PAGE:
By Karrigan Monk, email@example.com
The ways we listen to music are changing. According to the Recording Industry Association of America, music streaming increased by 92.8 percent in 2015.
Brian Felix, an assistant professor of music at UNC Asheville, said three years ago he did not think streaming would catch on because he did not think the technology was ready.
“I think it’s a service that’s worth paying for,” Felix said. “I don’t think it’s the only way to listen to music. It’s not my favorite way to listen to music, but I do really like that if I need to look up something, there’s a really good chance that it’ll be on there.”
Although Felix said he pays for streaming sites and will continue to do so, 78 percent of those polled by Nielsen, an international company researching consumer trends, were somewhat or very unlikely to pay for streaming services in the next six months.
Nielsen also reported the top reasons for not subscribing to streaming services were cost and infrequent use.
For Devin Lancaster, a sophomore art student, the reasoning is different.
“I hate the commercials if I don’t pay for them,” Lancaster said. “It pisses me off. You’re already bombarded with commercials in every other facet of your life dealing with electronics. I’m not trying to get that in my music.”
Samantha Assael, a freshman economics student, said she loves streaming services like Spotify and uses them constantly.
With the increase of streaming, some artists such as Taylor Swift and Adele have opted out of having their music on the services, or making it exclusive to one service.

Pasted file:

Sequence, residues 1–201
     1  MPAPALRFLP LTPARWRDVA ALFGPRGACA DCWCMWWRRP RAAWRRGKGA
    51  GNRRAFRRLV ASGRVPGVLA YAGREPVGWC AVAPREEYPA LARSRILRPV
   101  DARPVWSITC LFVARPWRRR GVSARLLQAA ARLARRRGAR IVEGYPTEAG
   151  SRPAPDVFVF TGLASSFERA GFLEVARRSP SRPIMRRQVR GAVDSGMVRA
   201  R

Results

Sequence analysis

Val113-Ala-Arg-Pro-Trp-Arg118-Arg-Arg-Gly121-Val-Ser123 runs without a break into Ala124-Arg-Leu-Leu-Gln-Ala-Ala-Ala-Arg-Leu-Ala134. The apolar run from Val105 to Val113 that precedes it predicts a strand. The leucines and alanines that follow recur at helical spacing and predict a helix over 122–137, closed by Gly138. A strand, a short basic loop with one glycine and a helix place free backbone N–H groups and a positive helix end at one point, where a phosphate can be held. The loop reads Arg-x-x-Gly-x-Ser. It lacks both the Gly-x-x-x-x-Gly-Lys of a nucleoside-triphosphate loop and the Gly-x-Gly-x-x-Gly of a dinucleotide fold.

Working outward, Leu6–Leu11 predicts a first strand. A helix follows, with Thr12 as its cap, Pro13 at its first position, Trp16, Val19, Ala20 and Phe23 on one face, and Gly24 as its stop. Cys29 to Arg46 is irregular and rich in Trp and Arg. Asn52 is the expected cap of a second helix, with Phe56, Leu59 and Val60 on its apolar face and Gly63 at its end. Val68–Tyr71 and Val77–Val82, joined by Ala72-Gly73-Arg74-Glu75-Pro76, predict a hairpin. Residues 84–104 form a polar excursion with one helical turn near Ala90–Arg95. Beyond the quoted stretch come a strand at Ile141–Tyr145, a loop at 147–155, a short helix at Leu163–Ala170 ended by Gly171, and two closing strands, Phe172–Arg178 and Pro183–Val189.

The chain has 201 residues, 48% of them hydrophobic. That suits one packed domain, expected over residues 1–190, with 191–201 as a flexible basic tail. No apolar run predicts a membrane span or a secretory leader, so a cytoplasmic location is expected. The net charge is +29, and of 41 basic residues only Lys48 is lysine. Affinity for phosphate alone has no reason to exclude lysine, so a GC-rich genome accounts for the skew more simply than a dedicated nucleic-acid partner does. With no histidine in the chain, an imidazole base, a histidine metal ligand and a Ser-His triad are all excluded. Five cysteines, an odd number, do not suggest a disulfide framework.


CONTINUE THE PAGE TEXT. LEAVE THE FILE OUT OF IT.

Martika Welch, a freshman anthropology and environmental studies student, said she does not really care but she understands why people get upset. She said these artists are already making money and should provide the music for free.
“I think it’s still kind of the Wild West out there in terms of figuring out royalty payments,” Felix said, “and so I think people think that Spotify’s not paying enough and maybe they’re not.”
Felix also said artists benefit from streaming services by using them as promotional tools to get exposure.
Even though streaming services seem to be dominating, physical music sales are not completely gone. According to Nielsen, nearly 12 million vinyl LPs were sold in 2015, marking the 10th straight year for growth. Independent record stores account for 45 percent of all vinyl sales.
Jonathan Rhoden, owner of Voltage Records, said record sales are up while CD sales are down.
“I think some of it’s just like a retro thing,” Rhoden said, tapping his fingers along to the jazz record playing in his store. “Some of it is backlash against the download culture.”
Cameron “Cami” McCullough, a senior management student, said vinyl brings a feeling of nostalgia for listeners.
Feelings of nostalgia are not the only things driving record sales. Felix said the sound quality is different as is the listening experience itself.
“There’s something about having vinyl in your hand and being able to look at the artwork and read about the album and the fact that you actually have to get up to turn it over and stuff,” Felix said. “It’s a much more dedicated listening experience.”
With the resurgence of vinyl and the increase in streaming, listening to music is evolving.
“As long as the quality’s good,” Lancaster said, “doesn’t matter.”